Ostensibly, in ‘The Seafarer’ we listen to a man who describes the irresistible call to sea and his experiences on the ocean: a place where he is at once alone and longing for land, but from which he cannot stay away, the way to his ‘final home’.
Although the poem is about seafaring, as Eleni Ponirakis (Nottingham University) has pointed out, the speaker of the poem does not seem to do much physically, but a lot happens to him. He is made to feel anxiety or longing, is called to the sea, is frozen. The speaker ends contemplating his after-life.
There is, then, a lot of internal action going on. This is a poem of the mind: Mæg ic be me sylfum soðgied wrecan… [I may sing a true tale about my self…]. Words of the inner life abound: mod (the mind, or perhaps soul or spirit) appears seven times, heortan (heart) appears twice, and hyge (mind) three times.
Forþon nu min hyge hweorfeð ofer hreþerlocan,
min modsefa mid mereflode,
ofer hwæles eþel hweorfeð wide,
eorþan sceatas, cymeð eft to me
gifre ond grædig, gielleð anfloga,
hweteð on hwælweg hreþer unwearnum
ofer holma gelagu.
[And now my mind is free from my breast-locker, my soul at sea, over the whale-path it travels wide. From across the earth it comes back to me, eager and greedy; the lone-flier yells, pulls to the whale-way my yielding heart, over the sea-waves.]The Seafarer, lines 58-64a
This middle section of the poem seems to describe the speaker’s mod bursting forth from the chest to roam over the seas. What critics can’t agree on, however, is what the anfloga, literally ‘lone flier’, is referring to. Is it a gull of some kind? A metaphor for the call of the sea? Or does it refer back to this mod which soared from the body of the speaker just a few lines back? James Paz (Manchester University) has most recently suggested that the voice of the poem itself is this uncontainable lone-flying soul, not the seafarer as person, leading to the question of who or what exactly is speaking.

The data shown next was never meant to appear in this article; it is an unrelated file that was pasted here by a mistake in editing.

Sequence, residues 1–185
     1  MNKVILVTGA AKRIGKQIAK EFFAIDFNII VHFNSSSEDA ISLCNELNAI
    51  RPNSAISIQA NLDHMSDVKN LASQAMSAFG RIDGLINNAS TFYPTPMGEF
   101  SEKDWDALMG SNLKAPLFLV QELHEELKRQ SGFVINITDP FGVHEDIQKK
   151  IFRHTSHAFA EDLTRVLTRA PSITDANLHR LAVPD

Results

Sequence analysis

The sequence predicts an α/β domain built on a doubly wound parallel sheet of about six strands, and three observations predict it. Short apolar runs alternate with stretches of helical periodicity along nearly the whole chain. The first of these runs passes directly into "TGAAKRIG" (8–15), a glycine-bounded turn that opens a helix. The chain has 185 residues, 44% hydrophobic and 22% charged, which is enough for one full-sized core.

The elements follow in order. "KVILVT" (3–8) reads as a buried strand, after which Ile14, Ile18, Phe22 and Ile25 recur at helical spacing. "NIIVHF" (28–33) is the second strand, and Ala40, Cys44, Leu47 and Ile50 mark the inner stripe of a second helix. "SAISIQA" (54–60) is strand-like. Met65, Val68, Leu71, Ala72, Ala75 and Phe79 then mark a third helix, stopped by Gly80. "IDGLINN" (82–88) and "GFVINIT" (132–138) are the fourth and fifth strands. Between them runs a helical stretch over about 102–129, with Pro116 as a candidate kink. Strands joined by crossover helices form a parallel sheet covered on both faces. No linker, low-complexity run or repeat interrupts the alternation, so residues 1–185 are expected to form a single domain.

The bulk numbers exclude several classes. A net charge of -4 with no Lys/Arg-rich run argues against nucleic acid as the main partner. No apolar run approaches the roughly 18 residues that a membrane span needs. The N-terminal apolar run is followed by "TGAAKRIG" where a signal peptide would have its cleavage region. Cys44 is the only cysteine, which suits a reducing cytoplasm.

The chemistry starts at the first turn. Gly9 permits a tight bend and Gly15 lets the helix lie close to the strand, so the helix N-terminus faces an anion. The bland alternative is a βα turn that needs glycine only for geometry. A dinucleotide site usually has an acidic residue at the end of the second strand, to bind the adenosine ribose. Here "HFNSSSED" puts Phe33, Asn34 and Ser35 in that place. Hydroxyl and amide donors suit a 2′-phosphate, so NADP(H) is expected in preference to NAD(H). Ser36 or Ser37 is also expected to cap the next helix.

Who or what is the speaker of this poem? What is the lone flier? What’s the relationship between the lone flier and the mind or body of the poem’s speaker? Where is the poem being spoken–on land or at sea? Do the events it describes take place in the mind or are they played out in reality? This particular section of the poem has the potential to be interpreted in a range of abstract and more figurative ways, and I can’t wait to see what form it might take over the course of this project.
This medieval ‘snapshot’ of what it means to be human is one of a series to inspire Karrie Fransman’s medieval comics artwork. To read more, go to project + snapshots.
Fran Allfrey (@Francheskyia) researches ‘medievalisms’, instances of medieval poems, objects, and histories that have been represented or remade in the present day. Her focus is on the Anglo-Saxon burial ground, Sutton Hoo, and how it has been combined with and reimagined alongside Old English poetry in the media, scholarship, and museums. She is based at the English Department of King’s College London, and her Ph.D. is funded by the London Arts and Humanities Partnership.